Award-winning artisanal Caws Teifi cheese can be found at Glynhynod organic farm in Ceredigion. Organic raw milk (healthier, greener, and tastier than pasteurized milk) fuels the store’s goodies, including Heritage Teifi (an extra-ripened Gouda-style cheese), Seaweed Teifi, Nettle Teifi, and Chili Teifi. The farm is also home to the Dà Mhìle distillery, which produces organic whiskey and other organic spirits.
Conwy Mussels uses long pine rakes to collect mussels from the natural beds of the estuary – a technique unchanged for 200 years – and claims its products are plumper and tastier than its rope-grown competitors. Try them at Deganwy’s Paysanne restaurant and the Quay Hotel from September to April.
3. Walks with great pubs
History and truly great nature blend together on a loop trail on the Llŷn Peninsula. From Edern village, follow the Afon Geirch River onto the coastal path and look out for seals and dolphins. The Tŷ Coch in Porthdinllaen, a former fishing village overlooking the Eifl, offers a quaint petrol station before the return trip.
A six-mile Black Mountains loop combines pastoral bliss and great food, beginning and ending at The Crown in Pantygelli. Rising through open moorland and oak woodland, it scales the distinctively sculpted slopes of 596m Sugar Loaf Mountain with epic views of South Wales and Skirrid Peak.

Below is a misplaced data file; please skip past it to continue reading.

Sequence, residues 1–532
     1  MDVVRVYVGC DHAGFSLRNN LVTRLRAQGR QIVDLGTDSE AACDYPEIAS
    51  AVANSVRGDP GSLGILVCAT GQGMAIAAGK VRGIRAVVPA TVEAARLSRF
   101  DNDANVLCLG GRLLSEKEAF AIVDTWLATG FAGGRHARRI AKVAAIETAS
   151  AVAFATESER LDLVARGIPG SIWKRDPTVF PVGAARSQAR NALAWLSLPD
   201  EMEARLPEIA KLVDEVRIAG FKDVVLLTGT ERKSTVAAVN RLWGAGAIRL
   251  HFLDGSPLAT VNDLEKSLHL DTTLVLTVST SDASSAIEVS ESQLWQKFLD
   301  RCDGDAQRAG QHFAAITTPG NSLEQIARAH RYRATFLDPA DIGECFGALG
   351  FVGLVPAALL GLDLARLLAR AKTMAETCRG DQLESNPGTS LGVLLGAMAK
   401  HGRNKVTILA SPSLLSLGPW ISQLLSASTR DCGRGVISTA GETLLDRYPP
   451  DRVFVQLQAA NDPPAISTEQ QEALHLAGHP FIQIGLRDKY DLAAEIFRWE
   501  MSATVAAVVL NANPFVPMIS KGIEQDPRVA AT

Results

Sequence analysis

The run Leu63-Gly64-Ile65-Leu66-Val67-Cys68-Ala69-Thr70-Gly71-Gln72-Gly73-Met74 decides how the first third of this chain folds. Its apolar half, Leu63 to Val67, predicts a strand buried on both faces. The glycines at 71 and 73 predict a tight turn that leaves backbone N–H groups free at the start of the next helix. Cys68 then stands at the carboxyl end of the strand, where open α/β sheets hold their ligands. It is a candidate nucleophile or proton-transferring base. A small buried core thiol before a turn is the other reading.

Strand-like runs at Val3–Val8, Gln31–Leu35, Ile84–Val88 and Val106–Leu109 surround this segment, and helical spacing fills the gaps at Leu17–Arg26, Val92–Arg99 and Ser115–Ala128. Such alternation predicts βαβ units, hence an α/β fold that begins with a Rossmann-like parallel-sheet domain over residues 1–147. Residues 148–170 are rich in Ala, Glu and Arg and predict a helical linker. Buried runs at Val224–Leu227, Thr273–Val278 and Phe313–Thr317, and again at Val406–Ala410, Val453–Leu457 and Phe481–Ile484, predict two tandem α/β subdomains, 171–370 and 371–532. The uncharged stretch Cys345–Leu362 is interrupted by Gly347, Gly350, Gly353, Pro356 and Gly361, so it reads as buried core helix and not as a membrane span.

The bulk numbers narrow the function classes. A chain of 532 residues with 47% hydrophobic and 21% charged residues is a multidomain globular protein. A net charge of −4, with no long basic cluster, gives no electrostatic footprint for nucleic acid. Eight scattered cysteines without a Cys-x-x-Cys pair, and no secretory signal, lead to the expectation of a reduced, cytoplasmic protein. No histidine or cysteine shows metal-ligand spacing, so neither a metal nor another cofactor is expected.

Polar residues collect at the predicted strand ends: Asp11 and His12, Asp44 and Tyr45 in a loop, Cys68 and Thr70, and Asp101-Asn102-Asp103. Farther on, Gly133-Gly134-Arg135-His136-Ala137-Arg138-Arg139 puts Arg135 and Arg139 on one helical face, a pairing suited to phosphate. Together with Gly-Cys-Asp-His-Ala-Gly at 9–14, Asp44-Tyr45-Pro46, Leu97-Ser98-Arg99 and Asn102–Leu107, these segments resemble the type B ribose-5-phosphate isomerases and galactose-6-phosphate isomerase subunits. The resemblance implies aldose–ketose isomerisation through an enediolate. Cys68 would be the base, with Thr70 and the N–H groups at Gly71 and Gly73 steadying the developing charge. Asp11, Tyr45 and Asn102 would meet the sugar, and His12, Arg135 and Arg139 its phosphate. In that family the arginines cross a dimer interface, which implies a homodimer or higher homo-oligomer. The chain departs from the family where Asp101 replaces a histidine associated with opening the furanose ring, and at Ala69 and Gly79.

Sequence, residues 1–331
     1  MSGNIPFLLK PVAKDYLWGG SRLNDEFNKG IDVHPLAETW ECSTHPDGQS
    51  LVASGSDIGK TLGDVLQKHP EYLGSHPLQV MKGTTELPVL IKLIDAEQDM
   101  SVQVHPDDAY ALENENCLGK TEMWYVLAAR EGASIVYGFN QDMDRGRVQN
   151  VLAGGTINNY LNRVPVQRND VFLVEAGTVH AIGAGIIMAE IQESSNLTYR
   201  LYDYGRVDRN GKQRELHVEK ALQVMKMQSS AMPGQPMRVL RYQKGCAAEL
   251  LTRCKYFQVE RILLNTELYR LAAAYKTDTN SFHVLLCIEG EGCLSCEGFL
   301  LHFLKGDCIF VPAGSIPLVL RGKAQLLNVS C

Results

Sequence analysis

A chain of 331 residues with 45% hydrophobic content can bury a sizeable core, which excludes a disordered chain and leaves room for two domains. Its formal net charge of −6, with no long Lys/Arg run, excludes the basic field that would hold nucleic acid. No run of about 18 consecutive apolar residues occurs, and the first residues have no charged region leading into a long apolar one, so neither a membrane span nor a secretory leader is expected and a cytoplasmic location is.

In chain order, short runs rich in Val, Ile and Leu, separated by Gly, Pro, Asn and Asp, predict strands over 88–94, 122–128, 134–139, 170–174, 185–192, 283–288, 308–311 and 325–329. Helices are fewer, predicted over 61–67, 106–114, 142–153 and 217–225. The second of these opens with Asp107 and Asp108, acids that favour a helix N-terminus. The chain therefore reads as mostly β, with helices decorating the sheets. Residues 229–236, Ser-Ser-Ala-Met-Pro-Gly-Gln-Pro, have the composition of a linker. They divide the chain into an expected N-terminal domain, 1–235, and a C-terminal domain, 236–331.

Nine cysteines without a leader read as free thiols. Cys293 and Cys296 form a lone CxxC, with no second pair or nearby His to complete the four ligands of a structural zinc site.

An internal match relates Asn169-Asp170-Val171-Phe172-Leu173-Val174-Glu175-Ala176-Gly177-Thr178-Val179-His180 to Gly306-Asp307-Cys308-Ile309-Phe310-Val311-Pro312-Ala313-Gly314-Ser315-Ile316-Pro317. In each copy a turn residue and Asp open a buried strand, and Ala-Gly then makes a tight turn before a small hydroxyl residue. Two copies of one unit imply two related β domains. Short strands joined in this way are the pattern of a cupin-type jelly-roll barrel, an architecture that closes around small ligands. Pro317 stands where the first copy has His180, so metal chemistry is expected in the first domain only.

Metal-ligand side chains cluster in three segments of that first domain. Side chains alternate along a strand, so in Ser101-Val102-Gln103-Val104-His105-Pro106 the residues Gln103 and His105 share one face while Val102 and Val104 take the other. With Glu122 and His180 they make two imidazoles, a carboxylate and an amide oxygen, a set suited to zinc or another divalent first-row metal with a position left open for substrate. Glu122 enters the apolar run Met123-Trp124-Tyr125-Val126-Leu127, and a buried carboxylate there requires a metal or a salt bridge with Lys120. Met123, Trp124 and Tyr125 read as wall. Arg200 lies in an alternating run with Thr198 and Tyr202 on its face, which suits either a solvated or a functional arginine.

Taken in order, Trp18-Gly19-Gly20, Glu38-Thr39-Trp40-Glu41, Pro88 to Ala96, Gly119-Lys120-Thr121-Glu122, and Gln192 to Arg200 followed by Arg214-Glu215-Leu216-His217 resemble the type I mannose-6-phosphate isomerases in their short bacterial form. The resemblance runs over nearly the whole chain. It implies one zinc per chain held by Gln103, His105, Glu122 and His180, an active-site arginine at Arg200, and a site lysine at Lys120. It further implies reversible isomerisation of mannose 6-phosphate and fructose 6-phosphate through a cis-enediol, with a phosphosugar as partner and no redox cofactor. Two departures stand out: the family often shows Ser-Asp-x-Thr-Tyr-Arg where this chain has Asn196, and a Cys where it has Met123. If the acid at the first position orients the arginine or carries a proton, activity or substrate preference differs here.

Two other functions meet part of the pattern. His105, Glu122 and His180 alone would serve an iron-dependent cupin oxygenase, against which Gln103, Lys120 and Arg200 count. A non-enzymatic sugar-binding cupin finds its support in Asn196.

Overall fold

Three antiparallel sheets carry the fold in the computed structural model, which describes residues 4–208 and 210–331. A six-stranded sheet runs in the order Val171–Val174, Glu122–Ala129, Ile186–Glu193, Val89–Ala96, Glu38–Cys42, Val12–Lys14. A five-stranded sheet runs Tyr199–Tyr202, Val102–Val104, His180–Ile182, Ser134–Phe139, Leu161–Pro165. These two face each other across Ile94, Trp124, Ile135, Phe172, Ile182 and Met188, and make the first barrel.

Puffing steam trains begin a spectacular tour of central Wales. From Welshpool Train Station, walk past Dingle Garden, ablaze with autumn colors and bisecting the bracken-covered landscape towards Y Golfa overlooking the Breidden Hills, before coming full circle behind Llanerchydol Manor House to stay at the celebrated Raven Inn in to eat Welshpool.
4. Thrill seekers
Trampolining reaches new heights, or rather new depths, at Bounce Below at Snowdonia’s Blaenau Ffestiniog adventure centre. Six springy webs, bathed in colorful spotlights, occupy an abandoned underground slate mine twice the size of St. Paul’s Cathedral. Bouncing is rarely so much fun!
Brechfa Mountain Bike Center in Carmarthenshire is perfect for pootlers or pros and has three exciting trails running through the woods: exciting black Raven; Gorlech with three challenging climbs and descents; and Derwen, a gentle introduction for families and beginners. Happy shredding!
Paddle a canoe along the headwaters of the Daugleddau Estuary and Cleddau River and discover a tranquil but photogenic slice of Pembrokeshire Coast National Park. Expect waders, seals and castles like Carew and Benton – and of course some fresh Pembrokeshire air.
5. Nature lover